Fan audience can be separated from the wider context of audience and can be distinguished on the basis of styles of consumption and cultural preference (Jenkins, 1992). The consumption pattern of fandom differs from the mainstream audience as they are enthusiastic and obsessively involved with an object of fandom coupled with a sense of community based around shared fixation consolidated with visual signs of belonging such as clothing, haircuts (Jones, 2003). Fandom is not a set of ordinary audiences that read TV texts to produce meanings and pleasure with respect to socio-cultural frameworks (Fiske: 1987, 17) but to supplement those meanings and pleasures into activities that fulfills their hunger of fannishness. Fan creates their own interpretations about a fandom object; they construct their own cultural artifacts such as fanzines videos, sound files, and screensaver to show loyalty towards a particular fandom object.
The conventional public view of fandom is negative as they have been described as 'unbalanced' and 'out of sync from reality (Bruchill, 1986). TV fans are characterized as 'kooks' obsessed with celebrities and TV programs to an extent that they fail to recognize the difference between fantasy and reality (Jenkins,1992:11). Much of us describe fandom as obsessed individuals or agitating crowd living in their on spheres of life. Jenson(1992) explains fannish behavior as 'psychological inept' or lacking; fans as individuals are socially inadequate and ineffectual people deceived by popular culture, in particular the media that offers escape from pitiable life. He sees fandom as a behavior of people to get away with the worrisome routine life but notes that excessive fandom behavior can confuse the boundaries of a normal or deviant behavior. Jenkins (1992) Textual Poachers highlights the changing conception of fan audience from passive to active who turns readers and writers contributing much to the fans in particular and audience in general. He argues each fan constructs an alternative 'reality' through fan activities, the reality inurns demonstrates a desire to negotiate with the media in a creative and active way that creates a product relevant to fan or fan community, for instance many gays reworked the relationship between Spock and Kirk and wrote scripts to appropriate own meaning from the TV text. Such a behavior describes fans as 'poachers' who steals others text and appropriate it in their own ways. De Certeau (1984) idea of poaching offers TV fandom to assemble and participate in TV text according to their needs and wants. Harris (1998) explains fandom activities a spectrum of practices engaged to develop a sense of personal control or influence over the object of fandom in response to subordinated social status.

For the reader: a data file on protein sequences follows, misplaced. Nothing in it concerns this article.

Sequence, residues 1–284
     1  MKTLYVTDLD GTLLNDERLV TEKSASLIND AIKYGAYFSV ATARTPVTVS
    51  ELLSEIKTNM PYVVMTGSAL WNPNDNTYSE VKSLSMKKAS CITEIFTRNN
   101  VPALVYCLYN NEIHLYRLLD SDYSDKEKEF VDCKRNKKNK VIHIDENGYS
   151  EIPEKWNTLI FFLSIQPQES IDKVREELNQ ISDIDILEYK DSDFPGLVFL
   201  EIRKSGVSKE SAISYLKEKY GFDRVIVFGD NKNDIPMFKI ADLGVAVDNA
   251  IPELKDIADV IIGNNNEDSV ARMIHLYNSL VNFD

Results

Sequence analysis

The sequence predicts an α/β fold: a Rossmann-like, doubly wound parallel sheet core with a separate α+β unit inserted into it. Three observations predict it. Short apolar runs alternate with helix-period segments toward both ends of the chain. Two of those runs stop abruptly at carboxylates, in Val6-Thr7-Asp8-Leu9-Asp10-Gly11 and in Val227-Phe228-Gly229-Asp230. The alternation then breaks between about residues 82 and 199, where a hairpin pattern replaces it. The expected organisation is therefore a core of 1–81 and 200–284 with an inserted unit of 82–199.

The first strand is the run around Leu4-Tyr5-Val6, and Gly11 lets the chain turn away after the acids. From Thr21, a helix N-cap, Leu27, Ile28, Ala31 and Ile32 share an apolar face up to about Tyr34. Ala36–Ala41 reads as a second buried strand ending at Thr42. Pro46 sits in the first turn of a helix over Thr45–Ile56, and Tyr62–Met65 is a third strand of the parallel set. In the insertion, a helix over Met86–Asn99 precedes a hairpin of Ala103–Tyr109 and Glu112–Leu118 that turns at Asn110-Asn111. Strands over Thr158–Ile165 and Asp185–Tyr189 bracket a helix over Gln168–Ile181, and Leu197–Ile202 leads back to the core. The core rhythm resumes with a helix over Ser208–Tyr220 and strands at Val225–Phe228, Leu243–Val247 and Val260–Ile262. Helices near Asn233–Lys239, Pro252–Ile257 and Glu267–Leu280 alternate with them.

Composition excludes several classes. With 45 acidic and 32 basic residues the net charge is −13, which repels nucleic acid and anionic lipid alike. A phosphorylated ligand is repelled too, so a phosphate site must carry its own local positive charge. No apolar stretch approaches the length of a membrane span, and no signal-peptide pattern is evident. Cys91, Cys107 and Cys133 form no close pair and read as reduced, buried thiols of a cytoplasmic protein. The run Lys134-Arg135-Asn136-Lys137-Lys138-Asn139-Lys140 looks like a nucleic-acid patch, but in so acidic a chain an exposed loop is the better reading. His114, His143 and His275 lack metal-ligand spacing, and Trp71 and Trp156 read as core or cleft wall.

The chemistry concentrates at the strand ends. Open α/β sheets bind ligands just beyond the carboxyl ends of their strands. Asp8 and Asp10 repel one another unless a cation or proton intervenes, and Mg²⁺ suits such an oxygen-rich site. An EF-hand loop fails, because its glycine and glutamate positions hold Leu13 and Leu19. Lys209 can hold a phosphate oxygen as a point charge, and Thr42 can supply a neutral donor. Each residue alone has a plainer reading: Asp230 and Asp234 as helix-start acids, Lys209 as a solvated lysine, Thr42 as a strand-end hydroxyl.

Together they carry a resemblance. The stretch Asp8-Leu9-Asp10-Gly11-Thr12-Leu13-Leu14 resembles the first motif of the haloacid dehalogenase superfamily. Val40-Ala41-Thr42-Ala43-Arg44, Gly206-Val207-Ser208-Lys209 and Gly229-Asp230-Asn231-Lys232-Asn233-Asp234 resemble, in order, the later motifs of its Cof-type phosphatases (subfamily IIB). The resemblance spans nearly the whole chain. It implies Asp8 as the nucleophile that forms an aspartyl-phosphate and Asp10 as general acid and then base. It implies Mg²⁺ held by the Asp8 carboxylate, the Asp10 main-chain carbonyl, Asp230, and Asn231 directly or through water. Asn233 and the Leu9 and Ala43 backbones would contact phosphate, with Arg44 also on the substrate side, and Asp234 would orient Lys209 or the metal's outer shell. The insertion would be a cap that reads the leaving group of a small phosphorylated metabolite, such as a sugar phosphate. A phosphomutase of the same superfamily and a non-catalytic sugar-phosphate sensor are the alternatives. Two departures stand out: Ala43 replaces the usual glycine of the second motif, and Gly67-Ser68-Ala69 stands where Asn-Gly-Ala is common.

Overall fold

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Hills (2002) argues fandom activities are marked by 'common effective tie' with an intensification and validation of emotional bonding among fans that are served by social groups or online forums. Recently online forums have become the latest platforms for exchange of fannish activities and artifacts providing an interpretive community (1984) where fans can ponder meanings be it aesthetical, philosophical or metaphorical. Online fandom cultures are bigger and better to access and forms an excellent forum for discussing fannish content. Bennett (1999) analyzes the connection between XWP's postmodern construction of past and fan readings and draws how intertextuality draws audience for an active engagement with the series diegetic construction through and beyond and readers relating to other text and discourse. Fiske (1987) describes that one text is read in relation to others and readers interpret the content depending upon prior knowledge and socio-cultural frameworks. Intertextuaility has become key to hypertextuality leading ever evolving construction of networks (Jones, 2003) amongst online fandom. Online environment helps fandom to remove the necessary barriers to intertextual networks and changing it to a much flexible online culture where fandom relates one text to other texts and discourse for instance reformulations of amazon identities and culture around online Xenaverse.